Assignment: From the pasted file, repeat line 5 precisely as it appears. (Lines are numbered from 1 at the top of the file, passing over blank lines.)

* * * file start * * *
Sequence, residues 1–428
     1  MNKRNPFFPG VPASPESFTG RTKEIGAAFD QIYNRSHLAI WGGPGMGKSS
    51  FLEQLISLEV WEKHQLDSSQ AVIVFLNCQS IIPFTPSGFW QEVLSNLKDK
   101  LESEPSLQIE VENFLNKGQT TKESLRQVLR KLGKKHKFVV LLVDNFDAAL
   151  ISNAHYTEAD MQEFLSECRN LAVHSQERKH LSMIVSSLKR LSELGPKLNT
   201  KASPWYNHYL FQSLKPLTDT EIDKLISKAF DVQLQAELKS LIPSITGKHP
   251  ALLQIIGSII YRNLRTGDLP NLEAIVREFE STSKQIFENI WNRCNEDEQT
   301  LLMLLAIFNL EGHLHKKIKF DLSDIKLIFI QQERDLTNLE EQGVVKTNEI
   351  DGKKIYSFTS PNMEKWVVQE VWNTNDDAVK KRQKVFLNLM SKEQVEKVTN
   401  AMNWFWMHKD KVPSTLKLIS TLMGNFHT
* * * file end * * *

   151  ISNAHYTEAD MQEFLSECRN LAVHSQERKH LSMIVSSLKR LSELGPKLNT